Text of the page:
Sophie van Eeden

Sophie van Eeden

Landscape Architecture

Landscape Park Chornobyl

Building onwards. Finding the inclusion in the exclusion zone


In 1970, a new city was founded in Ukraine in the beautiful marshes on the Pripyat River. This city, named after that river Pripyat, was to become the new center of the Soviet Union's energy task thanks to a nuclear power plant. Many inspired young people flocked to the city to build a new future together. The future they envisioned came to be known as the world's greatest nuclear disaster.   

An explosion in one of the reactors caused a cloud of radioactive dust particles that rendered a 30-kilometer area around the nuclear power plant uninhabitable. Hundreds of thousands of residents were evacuated, and the area was designated an "exclusion zone." Chornobyl remained inaccessible to people for years while efforts were made to clean up the surface radiation.  

Since 2011 tourists and researchers have been allowed back in, and in 2020 I traveled to Chornobyl to see and experience the area for myself. The adventure included wonderful stories from workers, guides and (former) residents of the exclusion zone, including mythical tales of the radiation and nature that took over the exclusion zone. From these stories, the dark past of the place also turned out to offer a lot of hope.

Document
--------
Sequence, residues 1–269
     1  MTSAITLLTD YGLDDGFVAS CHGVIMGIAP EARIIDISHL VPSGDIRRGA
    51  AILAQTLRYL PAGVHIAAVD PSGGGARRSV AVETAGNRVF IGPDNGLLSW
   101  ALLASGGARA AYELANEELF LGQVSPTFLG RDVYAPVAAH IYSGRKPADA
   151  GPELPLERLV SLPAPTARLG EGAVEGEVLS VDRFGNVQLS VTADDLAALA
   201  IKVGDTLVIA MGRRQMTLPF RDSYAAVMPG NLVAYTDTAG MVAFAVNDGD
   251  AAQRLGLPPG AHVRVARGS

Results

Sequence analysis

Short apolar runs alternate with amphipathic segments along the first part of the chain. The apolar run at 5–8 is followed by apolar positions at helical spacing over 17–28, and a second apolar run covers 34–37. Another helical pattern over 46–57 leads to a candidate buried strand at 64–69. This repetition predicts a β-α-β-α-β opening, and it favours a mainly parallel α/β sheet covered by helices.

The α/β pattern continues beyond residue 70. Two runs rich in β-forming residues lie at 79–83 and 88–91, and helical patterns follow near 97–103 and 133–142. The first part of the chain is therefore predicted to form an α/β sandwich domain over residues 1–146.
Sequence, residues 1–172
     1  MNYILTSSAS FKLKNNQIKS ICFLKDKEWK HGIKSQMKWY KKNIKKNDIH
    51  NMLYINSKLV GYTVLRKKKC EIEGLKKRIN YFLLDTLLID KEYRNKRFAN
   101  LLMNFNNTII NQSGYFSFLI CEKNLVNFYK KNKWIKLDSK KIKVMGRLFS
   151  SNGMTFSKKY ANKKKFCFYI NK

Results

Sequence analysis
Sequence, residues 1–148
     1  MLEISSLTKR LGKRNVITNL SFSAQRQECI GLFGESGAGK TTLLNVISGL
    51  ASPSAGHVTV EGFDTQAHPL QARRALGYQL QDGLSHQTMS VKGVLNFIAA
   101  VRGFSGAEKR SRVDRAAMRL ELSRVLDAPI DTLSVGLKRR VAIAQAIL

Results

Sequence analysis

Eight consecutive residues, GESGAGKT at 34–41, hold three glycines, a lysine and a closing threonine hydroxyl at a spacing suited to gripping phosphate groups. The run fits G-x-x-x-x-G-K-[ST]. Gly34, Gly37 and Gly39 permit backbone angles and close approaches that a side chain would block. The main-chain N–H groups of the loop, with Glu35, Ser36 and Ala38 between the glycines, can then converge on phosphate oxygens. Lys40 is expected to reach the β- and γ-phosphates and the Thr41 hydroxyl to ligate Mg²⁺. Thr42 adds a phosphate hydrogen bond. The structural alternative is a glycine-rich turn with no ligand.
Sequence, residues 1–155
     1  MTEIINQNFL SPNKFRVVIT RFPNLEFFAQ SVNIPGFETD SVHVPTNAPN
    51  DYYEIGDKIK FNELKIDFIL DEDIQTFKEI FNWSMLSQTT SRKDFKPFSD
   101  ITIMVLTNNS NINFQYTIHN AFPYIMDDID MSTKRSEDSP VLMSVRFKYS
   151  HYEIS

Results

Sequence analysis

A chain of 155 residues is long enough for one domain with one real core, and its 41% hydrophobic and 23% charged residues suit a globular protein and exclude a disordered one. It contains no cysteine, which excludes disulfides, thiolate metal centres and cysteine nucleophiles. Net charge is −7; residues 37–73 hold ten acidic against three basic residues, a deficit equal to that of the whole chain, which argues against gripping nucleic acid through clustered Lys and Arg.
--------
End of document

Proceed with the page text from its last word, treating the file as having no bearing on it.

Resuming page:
A vision for the entire exclusion zone is needed so that in the future, the polluted, frightening landscape is not written off but rather given a new future. From this unique landscape speak four themes that connect past and present: the social significance, landscape regeneration, energy and economy, and the heritage of the disaster. I have connected these themes into a shared vision of the future in which developments can build on toward a landscape park of the 22nd century.   

Social landscape  
For social significance, the landscape park will have a new board of people who are involved. Local people who know what is happening in the area and what the area needs. They form new communities at the border of the exclusion zone.  

Purifying landscape  
In the purifying landscape, water systems are restored and reconnected to Europe's largest river landscape, raising the ecological value of this area.  

Energy landscape  
The unused, polluted land offers enough space to form a new energy landscape. Natural elements can be used: wind and sun. The landscape can become the largest energy park in Europe, with energy as the ultimate independence.  

Monumental landscape  
By restoring the heritage in the landscape and obtaining UNESCO World Heritage status, there is more room to preserve the cultural history of the area and the commemoration of the disaster will be part of the large landscape park.    

This landscape park of the 22nd century is no longer about the destruction caused by the nuclear disaster, but about the development of the landscape left behind. By and for local residents, with room for experimentation, innovation, remembrance and building on. 


Graduation date: 14 July 2022
Graduation committee: Philomene van der Vliet (mentor), Peter Veenstra, Dingeman Deijs 
Additional members for the exam: Ruwan Aluvihare, Saline Verhoeven   

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